The detection of a new designer steroid in the United States could lead track and field's world governing body to bring back four–year bans for drug cheats.
The International Association of Athletics Federations said yesterday it may consider doubling its two–year penalty for athletes testing positive for steroids or other serious banned substances.
"Everybody in a responsible position is looking for a way to root out all of this," IAAF general secretary Istvan Gyulai said. "Obviously, one very logical approach would be to look at what happens if the sanction is more severe."
The IAAF reduced it penalty for steroid offenses from four years to two in 1997 after courts in several countries refused to uphold the longer ban. "I'm not sure it is easier now to enforce it," Gyulai said.
Current rules call for a "minimum" two–year suspension, but few countries opt for a stiffer penalty.
The push for tougher sanctions follows the unmasking of the designer steroid THG, or tetrahydrogestrinone, and a spate of positive tests for the stimulant modafinil.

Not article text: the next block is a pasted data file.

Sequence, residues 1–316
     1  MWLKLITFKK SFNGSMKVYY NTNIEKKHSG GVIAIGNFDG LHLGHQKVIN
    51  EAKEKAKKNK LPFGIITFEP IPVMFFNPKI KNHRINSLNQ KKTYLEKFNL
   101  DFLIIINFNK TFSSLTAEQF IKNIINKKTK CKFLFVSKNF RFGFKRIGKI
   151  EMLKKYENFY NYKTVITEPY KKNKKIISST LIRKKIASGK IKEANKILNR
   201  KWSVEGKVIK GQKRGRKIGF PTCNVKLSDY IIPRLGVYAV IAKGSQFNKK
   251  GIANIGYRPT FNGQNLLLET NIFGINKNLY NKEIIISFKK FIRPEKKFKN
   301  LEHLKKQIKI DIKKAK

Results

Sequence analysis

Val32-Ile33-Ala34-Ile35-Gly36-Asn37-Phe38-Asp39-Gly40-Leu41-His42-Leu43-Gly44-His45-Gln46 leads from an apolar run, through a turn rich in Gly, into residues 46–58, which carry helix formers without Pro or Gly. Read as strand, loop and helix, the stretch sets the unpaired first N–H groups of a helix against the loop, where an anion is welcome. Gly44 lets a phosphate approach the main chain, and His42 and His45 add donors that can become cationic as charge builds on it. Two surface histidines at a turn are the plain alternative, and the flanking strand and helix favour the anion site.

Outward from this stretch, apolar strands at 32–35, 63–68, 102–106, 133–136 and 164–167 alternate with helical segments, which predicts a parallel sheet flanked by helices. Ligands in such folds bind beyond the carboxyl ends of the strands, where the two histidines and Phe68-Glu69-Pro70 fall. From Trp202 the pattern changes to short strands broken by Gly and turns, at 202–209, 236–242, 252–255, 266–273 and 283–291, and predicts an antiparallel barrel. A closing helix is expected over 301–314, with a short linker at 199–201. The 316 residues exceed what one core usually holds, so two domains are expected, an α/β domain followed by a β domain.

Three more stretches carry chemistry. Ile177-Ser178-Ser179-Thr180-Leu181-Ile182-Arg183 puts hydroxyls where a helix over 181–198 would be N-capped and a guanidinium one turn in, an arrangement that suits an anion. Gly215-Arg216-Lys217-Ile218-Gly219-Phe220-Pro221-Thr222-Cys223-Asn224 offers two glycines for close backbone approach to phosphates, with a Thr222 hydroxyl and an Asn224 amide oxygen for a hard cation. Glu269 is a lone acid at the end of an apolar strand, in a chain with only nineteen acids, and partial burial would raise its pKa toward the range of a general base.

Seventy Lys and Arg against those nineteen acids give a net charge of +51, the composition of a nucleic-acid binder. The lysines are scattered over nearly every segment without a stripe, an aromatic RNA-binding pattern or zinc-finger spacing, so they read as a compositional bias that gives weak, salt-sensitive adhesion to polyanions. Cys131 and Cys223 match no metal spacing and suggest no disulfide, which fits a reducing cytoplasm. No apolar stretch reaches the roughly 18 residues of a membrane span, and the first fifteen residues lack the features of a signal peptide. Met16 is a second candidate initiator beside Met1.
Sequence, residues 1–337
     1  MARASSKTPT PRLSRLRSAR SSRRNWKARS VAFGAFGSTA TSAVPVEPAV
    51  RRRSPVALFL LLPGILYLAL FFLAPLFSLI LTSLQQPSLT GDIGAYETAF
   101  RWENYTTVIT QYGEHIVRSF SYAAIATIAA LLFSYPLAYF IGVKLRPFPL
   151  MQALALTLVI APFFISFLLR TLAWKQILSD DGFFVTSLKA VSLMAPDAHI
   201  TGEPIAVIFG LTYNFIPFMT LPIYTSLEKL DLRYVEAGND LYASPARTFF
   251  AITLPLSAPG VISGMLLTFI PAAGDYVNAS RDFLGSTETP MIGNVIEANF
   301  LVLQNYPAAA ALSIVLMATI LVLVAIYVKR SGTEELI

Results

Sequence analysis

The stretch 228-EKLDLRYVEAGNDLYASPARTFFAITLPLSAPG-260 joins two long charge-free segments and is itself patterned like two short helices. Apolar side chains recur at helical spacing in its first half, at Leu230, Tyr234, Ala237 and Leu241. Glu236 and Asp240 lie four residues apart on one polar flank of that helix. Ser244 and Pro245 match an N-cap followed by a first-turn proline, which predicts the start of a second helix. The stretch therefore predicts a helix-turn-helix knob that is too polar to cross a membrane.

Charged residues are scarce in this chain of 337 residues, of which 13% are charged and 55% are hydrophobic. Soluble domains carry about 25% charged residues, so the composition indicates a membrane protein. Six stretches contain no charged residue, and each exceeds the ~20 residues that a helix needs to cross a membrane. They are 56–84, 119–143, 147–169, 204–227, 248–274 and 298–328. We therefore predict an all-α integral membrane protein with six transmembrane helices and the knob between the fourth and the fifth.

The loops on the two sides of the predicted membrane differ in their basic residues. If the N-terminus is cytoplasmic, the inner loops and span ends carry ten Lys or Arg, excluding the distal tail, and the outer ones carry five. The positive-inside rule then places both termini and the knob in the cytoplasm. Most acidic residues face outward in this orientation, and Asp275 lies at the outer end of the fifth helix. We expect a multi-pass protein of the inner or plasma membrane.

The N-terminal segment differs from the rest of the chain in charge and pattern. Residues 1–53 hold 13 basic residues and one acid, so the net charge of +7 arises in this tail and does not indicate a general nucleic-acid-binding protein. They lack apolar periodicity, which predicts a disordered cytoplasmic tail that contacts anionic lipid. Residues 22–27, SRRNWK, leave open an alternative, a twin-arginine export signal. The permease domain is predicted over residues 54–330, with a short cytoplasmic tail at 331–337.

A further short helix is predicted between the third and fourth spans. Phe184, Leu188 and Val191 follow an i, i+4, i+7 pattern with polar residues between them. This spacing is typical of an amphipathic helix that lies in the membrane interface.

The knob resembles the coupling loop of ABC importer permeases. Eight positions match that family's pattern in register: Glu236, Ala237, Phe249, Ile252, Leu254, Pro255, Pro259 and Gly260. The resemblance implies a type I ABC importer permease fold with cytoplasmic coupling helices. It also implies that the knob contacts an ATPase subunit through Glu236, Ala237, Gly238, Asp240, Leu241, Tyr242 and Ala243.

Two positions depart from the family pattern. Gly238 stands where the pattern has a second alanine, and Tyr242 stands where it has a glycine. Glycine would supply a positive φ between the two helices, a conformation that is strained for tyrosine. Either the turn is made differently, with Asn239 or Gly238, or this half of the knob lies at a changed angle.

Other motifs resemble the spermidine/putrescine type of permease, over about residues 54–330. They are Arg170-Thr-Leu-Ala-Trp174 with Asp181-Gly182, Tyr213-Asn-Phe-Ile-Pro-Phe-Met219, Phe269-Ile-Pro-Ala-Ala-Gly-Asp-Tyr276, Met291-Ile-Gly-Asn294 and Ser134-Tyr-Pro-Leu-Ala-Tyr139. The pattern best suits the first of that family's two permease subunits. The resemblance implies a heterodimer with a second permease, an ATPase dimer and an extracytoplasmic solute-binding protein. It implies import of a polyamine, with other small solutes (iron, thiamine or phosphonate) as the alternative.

Gyulai said the IAAF is also considering ways of punishing any coaches, trainers, doctors and agents implicated in the doping cases.
USA Track & Field has announced a "zero–tolerance" anti–doping plan which could include lifetime bans for first steroid offenses.
Four US athletes, including middle–distance runner Regina Jacobs and shot putter Kevin Toth, and British sprinter Dwain Chambers have tested positive for THG. Each is awaiting the analysis of their backup B samples.
THG was detected after an anonymous track coach tipped off the US Anti–Doping Agency and provided a used syringe containing the substance. The UCLA doping control laboratory identified it as a steroid – deliberately modified to evade detection – and devised a test for it.
The USADA ordered samples retested from the US track championships in June at Stanford. The IAAF is to retest 400 urine samples from the World Championships in Paris in August to check for THG.
Six US athletes have tested positive for modafinil, a prescription drug for the sleep disorder narcolepsy. They include sprinter Kelli White, who stands to lose her World Championship gold medals from the 100 and 200 meters.
Modafinil, classed as a minor stimulant, carries a public warning and disqualification from the event where the test took place, but no ban.Reuse content